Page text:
With such contracts, in most cases, most signed artists make no (or almost no) money beyond the advance and are let go after the first contract or sooner. The artist has then lost control over the songs that were part of that contract. The label banks on a few artists to sell very well and provide years of music and income. An artist can be top-selling and still paying back the money.

Under the old contracts, the record label did not involve itself in two aspects – concerts and merchandise. This was where the artist made money. Now, sometimes the contracts do include such things. If the label is helping to book and promote the show and / or is providing help in designing and making merchandise, it can be a fair trade-off.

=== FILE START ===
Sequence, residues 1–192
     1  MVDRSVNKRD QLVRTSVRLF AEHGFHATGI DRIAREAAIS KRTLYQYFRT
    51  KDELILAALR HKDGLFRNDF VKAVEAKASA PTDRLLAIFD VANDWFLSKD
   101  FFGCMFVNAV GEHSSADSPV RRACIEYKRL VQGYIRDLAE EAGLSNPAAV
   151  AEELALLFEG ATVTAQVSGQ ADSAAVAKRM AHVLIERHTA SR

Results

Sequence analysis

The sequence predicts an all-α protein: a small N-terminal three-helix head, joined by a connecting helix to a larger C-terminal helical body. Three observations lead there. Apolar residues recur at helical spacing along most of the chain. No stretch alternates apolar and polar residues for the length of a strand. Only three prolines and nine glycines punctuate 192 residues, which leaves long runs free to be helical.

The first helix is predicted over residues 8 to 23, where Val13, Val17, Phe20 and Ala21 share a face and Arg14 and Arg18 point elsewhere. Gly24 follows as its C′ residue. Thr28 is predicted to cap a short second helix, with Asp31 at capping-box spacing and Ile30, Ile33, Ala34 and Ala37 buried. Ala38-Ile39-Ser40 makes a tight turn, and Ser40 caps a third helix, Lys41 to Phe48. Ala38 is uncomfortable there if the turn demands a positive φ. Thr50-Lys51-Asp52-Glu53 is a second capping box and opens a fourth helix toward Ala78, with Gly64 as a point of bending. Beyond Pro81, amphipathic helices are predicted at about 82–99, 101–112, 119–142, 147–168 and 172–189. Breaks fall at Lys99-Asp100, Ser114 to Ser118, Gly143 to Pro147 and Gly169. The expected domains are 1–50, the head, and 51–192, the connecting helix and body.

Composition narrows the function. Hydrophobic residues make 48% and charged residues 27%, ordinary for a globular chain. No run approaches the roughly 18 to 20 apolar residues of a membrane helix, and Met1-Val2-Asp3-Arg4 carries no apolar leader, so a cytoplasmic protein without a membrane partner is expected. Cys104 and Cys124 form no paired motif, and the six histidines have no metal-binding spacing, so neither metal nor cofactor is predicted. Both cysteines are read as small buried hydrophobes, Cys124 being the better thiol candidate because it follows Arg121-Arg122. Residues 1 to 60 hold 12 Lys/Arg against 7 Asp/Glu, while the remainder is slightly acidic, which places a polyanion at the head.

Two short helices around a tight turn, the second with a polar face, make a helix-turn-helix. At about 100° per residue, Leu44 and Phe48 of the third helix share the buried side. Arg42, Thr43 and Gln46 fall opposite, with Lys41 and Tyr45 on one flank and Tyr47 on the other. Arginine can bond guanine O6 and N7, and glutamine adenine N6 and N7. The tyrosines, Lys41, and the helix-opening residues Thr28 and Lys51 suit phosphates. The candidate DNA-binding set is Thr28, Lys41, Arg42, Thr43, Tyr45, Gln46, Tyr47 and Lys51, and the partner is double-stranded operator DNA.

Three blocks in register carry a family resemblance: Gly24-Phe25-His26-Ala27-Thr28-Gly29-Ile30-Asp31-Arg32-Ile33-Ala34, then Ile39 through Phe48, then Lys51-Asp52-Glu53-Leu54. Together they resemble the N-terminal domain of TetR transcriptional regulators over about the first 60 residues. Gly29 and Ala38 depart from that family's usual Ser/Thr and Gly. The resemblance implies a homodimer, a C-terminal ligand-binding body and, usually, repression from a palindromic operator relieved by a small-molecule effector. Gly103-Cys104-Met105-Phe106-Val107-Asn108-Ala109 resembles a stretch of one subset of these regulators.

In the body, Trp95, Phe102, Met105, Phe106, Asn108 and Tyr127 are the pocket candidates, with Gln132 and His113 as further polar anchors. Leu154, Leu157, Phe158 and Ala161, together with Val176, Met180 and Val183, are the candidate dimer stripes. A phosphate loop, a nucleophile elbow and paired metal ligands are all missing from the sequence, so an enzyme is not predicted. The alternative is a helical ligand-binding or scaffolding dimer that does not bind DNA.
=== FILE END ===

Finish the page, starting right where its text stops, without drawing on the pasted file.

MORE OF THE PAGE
One of the main functions of the old style record labels was/ is gatekeeping. The record label chooses which acts it considers marketable. Today, anyone can record their own music, have CDs made and sell downloads online. There is no gatekeeper. This results in the creation and dissemination of some splendid, eye-opening creative music. It also results in piles and piles of mediocre or even horrible music.

Ideas for a new style record label:

First, new style record labels are also gatekeepers, as are the traditional labels. A new style label must be even more of a gatekeeper, since so few can be let in. I have been told by owners of new, small record labels that they must deeply love the music and the artist; they must feel passionate about making the commitment to promote the music.